Bernhardus Albinus

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Bernhardus Friedrich Albinus (1653-1721)

Bernhardus Albinus, one of the most famous physicians of his time, was born on 7 January 1653 in Dessau, in the principality of Anhalt, where his father, Christoforus Albinus, was the mayor. His true ancestral name, Weiss, was changed to Albinus in the 16th century, after the fashion of the time, changed by his ancestor Petrus Weiss, poet and historian. In his youth, he coupled a weak body to a strong mind, which was the reason that his father first let him be educated at home by a capable teacher, and only after he had strengthened, was sent to the public school of his city. When the scientist Hendrik Alers, head of the school, was called to the famous school of Bremen in 1669, Albinus joined him. He studied with unusual vigour sciences and languages, especially physics and philosophy. From Bremen he went to the University of Leiden, where he studies medicine under Carolus Drelincourt, Lucas Schacht and Theodorus Cranen.

In 1676 he returned to Dessau, and subsequently traveled through the Netherlands, Brabant and France, where he collected a vast amount of knowledge of medicine, anatomy and surgery. He returned to Dessau in the summer of 1680, passing through Lorraine, following the Rhine, and through Holland. That same year he was promoted to professor in medicine at the University of Frankfurt on the Oder, where he started working on 13 January 1681, even though he only became a Doctor on 16 April of the following year. Frederick William I, Elector of Brandenburg appointed him as his personal physician and geheimrat, which he stayed both until the death of the King on 26 April 1688, after which he returned to Frankfort as a professor.

Six years later, the government of the University of Groningen offered him the function of Provincial Doctor and professor of medicine, with a salary of 1200 Dutch guilder. Even though he was pleased with the offer, he was prevented from accepted it because of the promises and gifts from Frederick I of Prussia, son and successor of Frederick William I, who increased his yearly income with 600 guilder and in 1697 not only appointed him as his personal physician but also offered him a canonry in Magdeburg, an honorary title which he sold with the approval of the king, because he couldn't fuflill it in person.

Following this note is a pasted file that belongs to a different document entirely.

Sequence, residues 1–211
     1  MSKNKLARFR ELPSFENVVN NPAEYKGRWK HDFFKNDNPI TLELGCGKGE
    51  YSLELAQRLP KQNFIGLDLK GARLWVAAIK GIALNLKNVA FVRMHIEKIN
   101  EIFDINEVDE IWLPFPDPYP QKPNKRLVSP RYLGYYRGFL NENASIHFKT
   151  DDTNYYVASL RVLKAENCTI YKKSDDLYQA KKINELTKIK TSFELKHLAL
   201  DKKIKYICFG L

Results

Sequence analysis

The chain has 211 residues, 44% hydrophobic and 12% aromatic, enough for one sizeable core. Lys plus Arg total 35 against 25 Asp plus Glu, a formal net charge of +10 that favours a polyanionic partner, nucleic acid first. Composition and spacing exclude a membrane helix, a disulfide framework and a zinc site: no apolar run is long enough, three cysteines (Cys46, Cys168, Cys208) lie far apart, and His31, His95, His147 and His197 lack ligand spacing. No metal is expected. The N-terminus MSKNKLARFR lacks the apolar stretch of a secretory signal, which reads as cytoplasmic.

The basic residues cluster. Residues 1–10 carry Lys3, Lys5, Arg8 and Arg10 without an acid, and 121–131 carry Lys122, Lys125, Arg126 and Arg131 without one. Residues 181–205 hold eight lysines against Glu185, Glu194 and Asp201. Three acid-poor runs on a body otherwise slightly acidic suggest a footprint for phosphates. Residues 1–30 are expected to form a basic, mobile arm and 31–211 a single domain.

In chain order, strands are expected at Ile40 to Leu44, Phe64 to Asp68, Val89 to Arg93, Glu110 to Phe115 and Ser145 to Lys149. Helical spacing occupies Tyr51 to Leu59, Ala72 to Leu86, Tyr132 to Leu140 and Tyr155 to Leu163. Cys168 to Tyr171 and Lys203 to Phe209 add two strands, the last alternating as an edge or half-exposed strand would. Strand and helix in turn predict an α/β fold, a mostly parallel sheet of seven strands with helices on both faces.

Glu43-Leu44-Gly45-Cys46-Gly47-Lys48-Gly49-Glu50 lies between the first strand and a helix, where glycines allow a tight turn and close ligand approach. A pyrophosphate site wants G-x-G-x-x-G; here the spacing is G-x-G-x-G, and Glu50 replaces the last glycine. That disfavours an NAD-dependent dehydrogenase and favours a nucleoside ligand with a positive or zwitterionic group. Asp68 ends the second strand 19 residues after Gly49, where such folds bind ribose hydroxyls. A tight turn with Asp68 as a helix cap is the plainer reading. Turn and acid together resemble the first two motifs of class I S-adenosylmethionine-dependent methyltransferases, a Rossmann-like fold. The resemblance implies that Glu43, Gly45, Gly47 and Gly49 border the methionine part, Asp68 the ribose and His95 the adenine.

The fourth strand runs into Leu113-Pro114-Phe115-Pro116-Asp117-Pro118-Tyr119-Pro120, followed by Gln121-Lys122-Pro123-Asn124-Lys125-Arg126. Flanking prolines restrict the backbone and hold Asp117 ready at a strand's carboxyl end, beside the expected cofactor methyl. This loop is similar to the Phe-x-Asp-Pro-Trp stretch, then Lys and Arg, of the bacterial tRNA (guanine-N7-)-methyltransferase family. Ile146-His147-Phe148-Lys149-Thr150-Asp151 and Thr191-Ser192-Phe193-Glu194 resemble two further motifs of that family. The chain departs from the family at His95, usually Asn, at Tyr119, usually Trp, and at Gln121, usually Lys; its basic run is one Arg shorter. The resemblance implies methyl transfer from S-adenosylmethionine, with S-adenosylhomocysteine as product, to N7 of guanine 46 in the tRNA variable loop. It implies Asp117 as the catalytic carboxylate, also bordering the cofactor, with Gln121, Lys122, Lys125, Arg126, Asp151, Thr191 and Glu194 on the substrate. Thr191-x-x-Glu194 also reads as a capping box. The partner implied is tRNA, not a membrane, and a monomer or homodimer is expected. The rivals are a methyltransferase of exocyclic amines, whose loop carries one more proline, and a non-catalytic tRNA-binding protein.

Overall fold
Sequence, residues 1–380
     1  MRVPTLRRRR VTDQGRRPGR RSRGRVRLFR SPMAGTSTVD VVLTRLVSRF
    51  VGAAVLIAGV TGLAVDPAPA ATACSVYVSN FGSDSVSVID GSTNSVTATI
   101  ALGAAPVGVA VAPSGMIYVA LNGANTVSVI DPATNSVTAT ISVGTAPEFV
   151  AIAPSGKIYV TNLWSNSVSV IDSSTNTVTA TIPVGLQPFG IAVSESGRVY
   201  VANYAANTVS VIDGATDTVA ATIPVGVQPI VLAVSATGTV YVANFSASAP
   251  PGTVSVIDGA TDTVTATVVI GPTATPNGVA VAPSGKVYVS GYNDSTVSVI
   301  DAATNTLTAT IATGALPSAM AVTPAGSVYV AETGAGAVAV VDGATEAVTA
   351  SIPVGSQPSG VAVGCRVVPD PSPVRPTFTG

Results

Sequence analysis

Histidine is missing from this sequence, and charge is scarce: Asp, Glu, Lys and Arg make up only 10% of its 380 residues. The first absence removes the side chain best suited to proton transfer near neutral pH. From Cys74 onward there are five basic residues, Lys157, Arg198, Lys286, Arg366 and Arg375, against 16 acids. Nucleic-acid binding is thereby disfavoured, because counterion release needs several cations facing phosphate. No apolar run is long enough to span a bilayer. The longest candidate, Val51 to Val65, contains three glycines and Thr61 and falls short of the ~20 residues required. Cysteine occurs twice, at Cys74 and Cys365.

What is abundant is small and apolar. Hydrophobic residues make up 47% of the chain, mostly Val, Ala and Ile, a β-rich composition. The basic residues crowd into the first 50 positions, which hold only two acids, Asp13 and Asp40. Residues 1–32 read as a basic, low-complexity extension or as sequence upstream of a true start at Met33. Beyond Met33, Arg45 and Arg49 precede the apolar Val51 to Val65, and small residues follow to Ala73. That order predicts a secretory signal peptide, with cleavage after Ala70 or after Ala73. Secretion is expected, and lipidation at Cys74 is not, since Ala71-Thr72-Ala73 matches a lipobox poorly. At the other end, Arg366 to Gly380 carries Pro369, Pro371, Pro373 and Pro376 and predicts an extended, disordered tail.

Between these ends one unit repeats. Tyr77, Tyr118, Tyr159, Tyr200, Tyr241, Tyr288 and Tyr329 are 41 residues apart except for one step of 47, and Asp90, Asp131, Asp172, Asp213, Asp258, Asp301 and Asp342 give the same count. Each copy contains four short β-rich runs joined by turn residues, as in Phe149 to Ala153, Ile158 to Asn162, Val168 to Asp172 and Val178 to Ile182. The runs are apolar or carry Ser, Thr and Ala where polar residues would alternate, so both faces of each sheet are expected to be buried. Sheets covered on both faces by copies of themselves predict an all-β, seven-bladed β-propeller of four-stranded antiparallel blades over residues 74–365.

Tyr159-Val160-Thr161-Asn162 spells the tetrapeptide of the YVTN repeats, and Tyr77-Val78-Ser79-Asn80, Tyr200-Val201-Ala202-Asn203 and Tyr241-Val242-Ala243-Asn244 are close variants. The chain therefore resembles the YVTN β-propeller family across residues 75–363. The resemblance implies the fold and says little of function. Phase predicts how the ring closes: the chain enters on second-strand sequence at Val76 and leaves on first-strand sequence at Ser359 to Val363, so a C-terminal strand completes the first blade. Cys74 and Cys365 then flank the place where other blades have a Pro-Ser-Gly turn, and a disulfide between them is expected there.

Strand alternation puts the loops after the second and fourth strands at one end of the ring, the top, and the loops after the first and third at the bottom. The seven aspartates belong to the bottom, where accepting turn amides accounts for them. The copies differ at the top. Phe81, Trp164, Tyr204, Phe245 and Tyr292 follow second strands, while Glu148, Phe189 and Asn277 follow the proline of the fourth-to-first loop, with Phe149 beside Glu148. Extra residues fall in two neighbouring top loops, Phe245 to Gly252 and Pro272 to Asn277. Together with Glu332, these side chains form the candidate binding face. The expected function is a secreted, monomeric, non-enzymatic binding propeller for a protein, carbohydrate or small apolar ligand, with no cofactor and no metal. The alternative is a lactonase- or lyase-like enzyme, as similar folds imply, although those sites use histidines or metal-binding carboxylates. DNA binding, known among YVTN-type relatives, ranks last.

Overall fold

After Albinus had been the personal physician of Frederick I for five years, the governors of the University of Leiden offered him in 1702 the function of professor of theoretical and practical medicine with positive and honourable conditions, which he accepted with the consent of the king. After the king had given him a valuable golden medal with his effigy, he left with his family to Holland, followed by a large number of German students. With a speech on the origin and progress of medicine, he accepted the position on 19 October of said year, which he filled studiously and faithfully, to the glory of the university, until his death on 7 September 1721.

In 1696 he married Susanna Catharina Rings, daughter of Thomas Siegfried Rings, professor of law in Frankfurt, with whom he had eleven children, four sons and seven daughters. Of those, two sons became a professor in Leiden and one in Utrecht, all with great fame. His epitaph was written by Herman Boerhaave and published as H. Boerhaavii Oratio Academica de vita et obitu B. Albini.

Among his writings are:

  • De corpusculis sanguine contentis
  • De Tarantulae mira vi
  • De sacro Freisenwaldensium fonte


This article incorporates text translated from the article "Bernhardus Albinus" in the Biographisch woordenboek der Nederlanden, a publication now in the public domain.